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Indefinite metric spaces in estimation, control and adaptive filtering

Hassibi, Babak (1996) Indefinite metric spaces in estimation, control and adaptive filtering. PhD thesis, Stanford University. http://resolver.caltech.edu/CaltechAUTHORS:20150302-072815805

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Abstract

The goal of this thesis is two-fold: first to present a unified mathematical framework (based upon optimization in indefinite metric spaces) for a wide range of problems in estimation and control, and second, to motivate and introduce the problem of robust estimation and control, and to study its implications to the area of adaptive signal processing. Robust estimation (and control) is concerned with the design of estimators (and controllers that have acceptable performance in the face of model uncertainties and lack of statistical information, and can be considered an outgrowth and extension of (the now classical) LQG theory, developed in the 1950's and 1960's which assumed perfect models and complete statistical knowledge. It has particular significance in adaptive signal processing where one needs to cope with time-variations of system parameters and to compensate for lack of a priori knowledge of the statistics of the input data and disturbances. One method of addressing the above problem is the so-called H∞ approach, which was introduced by G. Zames in 1980 and that has been recently solved by various authors. Despite the "fundamental differences" between the philosophies of the H∞ and LQG approaches to control and estimation, there are striking "formal similarities" between the controllers and estimators obtained from these two methodologies. In an attempt to explain these similarities, we shall describe a new approach to H∞ estimation (and control), different from the existing (e.g., interpolation-theoretic-based, game-theoretic-based, etc) approaches, that is based upon setting up estimation (and control problems) not in the usual Hilbert space of random variables, but in an indefinite (so-called Krein) space.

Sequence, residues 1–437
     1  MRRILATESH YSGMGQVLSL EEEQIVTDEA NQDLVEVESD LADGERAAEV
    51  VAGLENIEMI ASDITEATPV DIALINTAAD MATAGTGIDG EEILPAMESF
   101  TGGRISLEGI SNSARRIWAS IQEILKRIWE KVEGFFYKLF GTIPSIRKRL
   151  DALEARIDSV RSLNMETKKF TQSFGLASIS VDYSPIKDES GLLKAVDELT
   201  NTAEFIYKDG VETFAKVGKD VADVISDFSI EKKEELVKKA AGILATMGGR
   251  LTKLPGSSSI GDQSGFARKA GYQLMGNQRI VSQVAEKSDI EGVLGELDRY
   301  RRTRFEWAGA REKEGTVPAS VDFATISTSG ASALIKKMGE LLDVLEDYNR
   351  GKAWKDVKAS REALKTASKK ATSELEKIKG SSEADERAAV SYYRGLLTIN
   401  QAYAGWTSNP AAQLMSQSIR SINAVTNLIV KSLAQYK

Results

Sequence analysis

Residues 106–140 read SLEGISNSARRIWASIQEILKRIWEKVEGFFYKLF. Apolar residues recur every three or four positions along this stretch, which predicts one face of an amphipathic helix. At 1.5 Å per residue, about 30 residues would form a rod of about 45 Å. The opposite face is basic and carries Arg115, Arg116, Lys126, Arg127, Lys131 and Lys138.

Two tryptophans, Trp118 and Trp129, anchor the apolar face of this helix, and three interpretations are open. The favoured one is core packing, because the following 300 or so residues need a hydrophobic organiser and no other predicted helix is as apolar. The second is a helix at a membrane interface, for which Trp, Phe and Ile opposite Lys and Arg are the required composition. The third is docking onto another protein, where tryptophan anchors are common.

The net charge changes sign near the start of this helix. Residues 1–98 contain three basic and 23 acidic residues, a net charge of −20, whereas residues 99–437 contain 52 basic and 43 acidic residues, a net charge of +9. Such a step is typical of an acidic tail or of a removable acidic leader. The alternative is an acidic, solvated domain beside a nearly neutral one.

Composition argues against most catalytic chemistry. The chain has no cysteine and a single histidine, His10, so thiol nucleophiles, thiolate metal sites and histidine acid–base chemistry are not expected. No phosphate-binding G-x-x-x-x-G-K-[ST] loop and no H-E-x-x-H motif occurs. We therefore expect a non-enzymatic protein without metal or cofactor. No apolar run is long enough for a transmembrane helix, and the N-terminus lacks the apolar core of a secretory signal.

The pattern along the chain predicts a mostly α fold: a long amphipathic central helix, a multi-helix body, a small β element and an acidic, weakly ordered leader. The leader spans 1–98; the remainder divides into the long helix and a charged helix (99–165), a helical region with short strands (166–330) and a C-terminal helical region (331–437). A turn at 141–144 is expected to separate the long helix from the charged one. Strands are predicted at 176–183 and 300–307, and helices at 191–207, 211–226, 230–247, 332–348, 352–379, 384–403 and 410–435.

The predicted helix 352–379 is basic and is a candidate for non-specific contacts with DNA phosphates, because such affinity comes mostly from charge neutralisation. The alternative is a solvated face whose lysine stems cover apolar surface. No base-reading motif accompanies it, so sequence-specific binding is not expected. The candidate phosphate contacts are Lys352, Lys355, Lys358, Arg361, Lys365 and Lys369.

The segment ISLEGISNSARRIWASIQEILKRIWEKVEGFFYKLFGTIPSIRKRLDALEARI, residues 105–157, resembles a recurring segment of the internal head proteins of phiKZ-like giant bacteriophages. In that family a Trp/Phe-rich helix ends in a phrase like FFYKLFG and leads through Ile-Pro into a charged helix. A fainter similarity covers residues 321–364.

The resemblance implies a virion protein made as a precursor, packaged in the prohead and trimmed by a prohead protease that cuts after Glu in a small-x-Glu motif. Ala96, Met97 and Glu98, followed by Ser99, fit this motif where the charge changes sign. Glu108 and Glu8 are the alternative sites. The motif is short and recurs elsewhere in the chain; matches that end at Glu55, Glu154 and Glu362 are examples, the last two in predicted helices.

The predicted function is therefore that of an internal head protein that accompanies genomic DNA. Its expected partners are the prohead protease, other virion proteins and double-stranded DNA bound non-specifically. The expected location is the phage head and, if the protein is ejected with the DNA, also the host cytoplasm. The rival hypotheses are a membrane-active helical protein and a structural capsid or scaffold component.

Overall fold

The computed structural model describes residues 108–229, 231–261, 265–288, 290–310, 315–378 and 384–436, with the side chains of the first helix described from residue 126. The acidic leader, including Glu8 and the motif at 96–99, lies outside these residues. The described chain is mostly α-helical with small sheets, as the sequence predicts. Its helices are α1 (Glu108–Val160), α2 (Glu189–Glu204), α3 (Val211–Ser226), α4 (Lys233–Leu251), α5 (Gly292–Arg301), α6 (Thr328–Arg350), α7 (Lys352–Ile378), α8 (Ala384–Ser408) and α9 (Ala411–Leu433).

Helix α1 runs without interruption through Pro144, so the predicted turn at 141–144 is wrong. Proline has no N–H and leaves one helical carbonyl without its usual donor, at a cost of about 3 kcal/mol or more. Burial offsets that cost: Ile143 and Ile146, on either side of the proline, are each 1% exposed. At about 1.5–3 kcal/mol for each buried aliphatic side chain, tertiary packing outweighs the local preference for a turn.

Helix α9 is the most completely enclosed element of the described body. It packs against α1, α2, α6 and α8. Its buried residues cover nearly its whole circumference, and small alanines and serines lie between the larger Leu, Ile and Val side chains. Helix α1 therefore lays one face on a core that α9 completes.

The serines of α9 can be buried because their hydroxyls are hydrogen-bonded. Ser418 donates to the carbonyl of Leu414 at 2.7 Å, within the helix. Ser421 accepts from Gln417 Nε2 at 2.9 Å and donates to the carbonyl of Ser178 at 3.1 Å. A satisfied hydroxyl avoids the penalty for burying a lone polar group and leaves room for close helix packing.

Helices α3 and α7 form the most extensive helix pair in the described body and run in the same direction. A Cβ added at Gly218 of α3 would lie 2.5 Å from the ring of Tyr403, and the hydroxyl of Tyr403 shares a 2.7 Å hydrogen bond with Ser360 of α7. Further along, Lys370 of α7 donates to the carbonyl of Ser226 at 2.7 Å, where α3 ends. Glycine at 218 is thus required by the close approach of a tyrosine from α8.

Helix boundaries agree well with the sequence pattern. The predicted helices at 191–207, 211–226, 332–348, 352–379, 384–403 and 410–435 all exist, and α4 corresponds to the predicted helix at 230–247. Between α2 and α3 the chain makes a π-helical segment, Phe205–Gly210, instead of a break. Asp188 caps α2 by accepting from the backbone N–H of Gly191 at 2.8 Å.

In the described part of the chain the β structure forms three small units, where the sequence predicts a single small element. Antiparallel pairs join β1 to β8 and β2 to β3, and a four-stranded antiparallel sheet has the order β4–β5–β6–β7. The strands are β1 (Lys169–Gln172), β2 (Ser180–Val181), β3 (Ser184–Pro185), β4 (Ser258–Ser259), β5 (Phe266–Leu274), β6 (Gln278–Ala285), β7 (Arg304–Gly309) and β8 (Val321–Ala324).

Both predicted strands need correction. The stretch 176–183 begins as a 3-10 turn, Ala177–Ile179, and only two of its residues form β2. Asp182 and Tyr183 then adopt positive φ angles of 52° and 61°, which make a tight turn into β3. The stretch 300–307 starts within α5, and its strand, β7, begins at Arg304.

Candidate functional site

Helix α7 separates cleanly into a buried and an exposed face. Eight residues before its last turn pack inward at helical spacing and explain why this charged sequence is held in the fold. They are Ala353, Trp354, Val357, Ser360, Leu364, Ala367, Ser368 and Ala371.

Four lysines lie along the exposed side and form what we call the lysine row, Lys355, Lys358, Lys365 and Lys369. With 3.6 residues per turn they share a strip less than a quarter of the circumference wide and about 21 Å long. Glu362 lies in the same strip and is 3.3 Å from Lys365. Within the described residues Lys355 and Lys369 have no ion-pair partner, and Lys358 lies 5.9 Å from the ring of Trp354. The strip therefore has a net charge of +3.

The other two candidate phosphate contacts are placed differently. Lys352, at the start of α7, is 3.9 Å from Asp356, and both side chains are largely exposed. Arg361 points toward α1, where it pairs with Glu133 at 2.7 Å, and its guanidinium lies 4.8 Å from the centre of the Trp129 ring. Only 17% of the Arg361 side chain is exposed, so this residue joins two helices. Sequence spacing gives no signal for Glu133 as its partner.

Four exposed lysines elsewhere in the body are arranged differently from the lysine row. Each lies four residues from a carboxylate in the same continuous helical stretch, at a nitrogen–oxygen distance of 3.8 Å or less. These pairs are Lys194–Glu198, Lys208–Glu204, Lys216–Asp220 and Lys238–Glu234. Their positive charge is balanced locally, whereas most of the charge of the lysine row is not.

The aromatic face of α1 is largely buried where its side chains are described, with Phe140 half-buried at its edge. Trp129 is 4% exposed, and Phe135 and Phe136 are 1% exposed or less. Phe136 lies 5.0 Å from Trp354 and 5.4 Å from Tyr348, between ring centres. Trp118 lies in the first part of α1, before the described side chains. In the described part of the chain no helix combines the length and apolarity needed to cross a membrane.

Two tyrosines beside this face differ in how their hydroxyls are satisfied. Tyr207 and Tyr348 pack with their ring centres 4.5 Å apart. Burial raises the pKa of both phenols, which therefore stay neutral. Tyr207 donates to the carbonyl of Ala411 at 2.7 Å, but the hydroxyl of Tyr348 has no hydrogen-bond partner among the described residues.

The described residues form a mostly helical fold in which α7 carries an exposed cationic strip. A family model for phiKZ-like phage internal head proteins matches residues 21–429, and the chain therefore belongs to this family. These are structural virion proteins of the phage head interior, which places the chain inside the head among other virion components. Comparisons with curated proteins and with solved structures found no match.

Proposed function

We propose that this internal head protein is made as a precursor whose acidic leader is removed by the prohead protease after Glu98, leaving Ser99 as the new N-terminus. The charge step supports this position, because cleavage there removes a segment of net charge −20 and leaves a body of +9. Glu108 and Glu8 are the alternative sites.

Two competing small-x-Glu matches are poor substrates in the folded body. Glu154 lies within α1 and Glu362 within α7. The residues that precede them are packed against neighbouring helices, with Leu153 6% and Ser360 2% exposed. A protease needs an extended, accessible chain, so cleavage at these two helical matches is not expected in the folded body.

Item Type:Thesis (PhD)
Additional Information:Thesis (Ph. D.)--Stanford University, 1996. Submitted to the Department of Electrical Engineering. Copyright by the author.
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UMI9702904
Record Number:CaltechAUTHORS:20150302-072815805
Persistent URL:http://resolver.caltech.edu/CaltechAUTHORS:20150302-072815805
Usage Policy:No commercial reproduction, distribution, display or performance rights in this work are provided.
ID Code:55375
Collection:CaltechAUTHORS
Deposited By: Shirley Slattery
Deposited On:04 Mar 2015 18:18
Last Modified:04 Mar 2015 18:18

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